Tony:  Right? Maybe your senior manager is asking you if you can complete something and you just say, sure, because you want to please the people around you. The reality is, you haven’t thought it through. “Do we have time? What is involved? What are the details?” Your gut is, on the one hand, your anxiety is saying, “I have to be agreeable.” You might say yes. But your gut is saying, “I’m not sure.” When that practice of awareness is saying, “Wait a second, my gut is saying something. All right, I’m aware that I don’t really think that this is possible. Now let me do something about it.” It’s really not rocket science at that point. You just say, “I’m not sure, let me look into it and get back to you.”


The actual actions aren’t super complicated, but catching yourself is really, really hard. This happens when you’re managing people, where they’ll tell you something, what if … that you don’t think it’s true? A lot of times what happens to me is someone will give me an answer and some part of me just wants to accept their answer. I want to believe what you’re saying. A lot of times what is actually going on with that answer is either they didn’t understand what you were asking for, or did they did not examine all of the potential options. I always have to catch myself and say, “Someone just delivered bad news to me. What do I want to do about it?” That awareness of your subconscious, so that you can catch these things that actually … Put into practice the skills of management, to me that’s what mediation brings to the new manager, the new leader.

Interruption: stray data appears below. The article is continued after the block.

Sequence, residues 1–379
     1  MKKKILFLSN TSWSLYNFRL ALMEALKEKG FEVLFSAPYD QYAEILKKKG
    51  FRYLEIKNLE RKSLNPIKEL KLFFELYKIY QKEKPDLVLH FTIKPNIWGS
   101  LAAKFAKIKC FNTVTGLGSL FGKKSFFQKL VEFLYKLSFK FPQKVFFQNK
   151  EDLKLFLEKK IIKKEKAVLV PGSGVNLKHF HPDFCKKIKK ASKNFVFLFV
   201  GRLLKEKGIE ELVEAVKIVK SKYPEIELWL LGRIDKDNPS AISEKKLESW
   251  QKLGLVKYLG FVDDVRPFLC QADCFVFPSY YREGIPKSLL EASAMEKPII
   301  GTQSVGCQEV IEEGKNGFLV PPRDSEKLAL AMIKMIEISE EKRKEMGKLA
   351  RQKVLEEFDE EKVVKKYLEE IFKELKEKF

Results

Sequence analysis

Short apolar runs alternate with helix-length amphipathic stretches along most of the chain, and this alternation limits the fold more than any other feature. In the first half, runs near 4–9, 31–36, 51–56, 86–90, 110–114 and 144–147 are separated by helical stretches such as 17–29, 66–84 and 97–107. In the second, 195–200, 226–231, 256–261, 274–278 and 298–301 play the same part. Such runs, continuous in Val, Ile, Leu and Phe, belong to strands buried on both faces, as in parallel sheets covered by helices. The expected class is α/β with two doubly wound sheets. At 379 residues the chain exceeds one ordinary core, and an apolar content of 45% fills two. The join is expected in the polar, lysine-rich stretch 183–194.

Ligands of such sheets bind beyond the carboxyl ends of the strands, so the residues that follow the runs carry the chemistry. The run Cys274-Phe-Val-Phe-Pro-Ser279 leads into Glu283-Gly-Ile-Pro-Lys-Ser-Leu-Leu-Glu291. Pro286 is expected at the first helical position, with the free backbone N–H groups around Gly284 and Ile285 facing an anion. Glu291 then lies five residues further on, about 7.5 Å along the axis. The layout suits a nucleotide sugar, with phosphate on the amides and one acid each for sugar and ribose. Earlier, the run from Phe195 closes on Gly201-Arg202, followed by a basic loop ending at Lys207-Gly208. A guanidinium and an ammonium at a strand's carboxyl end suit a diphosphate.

Dave:  I’ve worked with a lot of new managers over my years in Silicon Valley, and even at Bulletproof. You talk about some things with young leaders that I think are really important for people listening to the show. It’s important because you either work for a young leader, you’re working on becoming a young leader, or you work with young leaders, or you manage young leaders, or you’re not working at all in which case you still run into them all the time.


This is something that, everyone who is a leader now, was once a young leader. This is where mentoring can become really helpful. It’s amazing what someone who’s managed for twenty years will know how to do in a situation where you think it’s the end of the world and actually it’s not, you just haven’t been through it before. You talk about going from responsiveness to responsibility, and from certainty to uncertainty. I want to know, in your own career, what was that like for you when you realized, “I don’t have to respond to that, but I own it.”?


Tony:  This was actually the most pivotal moment in my career, because like a lot of engineers, you end up in some project that’s failing miserably. You just complain about it, you feel bad about yourself, because it doesn’t feel good to fail. I was on this one project that, when I’d been assigned to it, what they told me is, “We’re ready to launch it in three weeks, can you just fix these things and then can we launch?” It’s funny, they always phrase it to me as, “Can you fix these things so that we can launch?” I thought that, “Sure, I think I can fix those things therefore we can launch.” Of course, there’s a hundred things to fix, and so I was answering one half of that question correctly, and then incorrectly answering the most important thing.